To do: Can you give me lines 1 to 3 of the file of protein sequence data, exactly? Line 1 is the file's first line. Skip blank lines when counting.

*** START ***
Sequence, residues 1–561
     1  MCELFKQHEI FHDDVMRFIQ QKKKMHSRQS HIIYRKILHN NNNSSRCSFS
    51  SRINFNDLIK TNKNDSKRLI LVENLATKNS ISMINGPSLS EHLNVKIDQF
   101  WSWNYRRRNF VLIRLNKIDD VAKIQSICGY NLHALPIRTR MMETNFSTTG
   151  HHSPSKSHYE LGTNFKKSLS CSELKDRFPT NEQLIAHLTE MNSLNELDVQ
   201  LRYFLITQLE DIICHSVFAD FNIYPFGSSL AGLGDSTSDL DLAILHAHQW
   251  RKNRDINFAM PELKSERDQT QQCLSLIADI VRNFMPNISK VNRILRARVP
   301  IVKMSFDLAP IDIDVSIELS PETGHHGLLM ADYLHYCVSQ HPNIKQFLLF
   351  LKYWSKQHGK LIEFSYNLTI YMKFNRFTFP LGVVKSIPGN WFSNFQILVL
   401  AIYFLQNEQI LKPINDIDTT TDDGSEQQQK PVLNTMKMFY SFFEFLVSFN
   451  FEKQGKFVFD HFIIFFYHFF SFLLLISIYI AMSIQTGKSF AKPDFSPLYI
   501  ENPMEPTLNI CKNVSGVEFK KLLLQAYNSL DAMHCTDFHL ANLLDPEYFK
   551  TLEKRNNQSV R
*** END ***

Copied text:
Sequence, residues 1–561
     1  MCELFKQHEI FHDDVMRFIQ QKKKMHSRQS HIIYRKILHN NNNSSRCSFS
    51  SRINFNDLIK TNKNDSKRLI LVENLATKNS ISMINGPSLS EHLNVKIDQF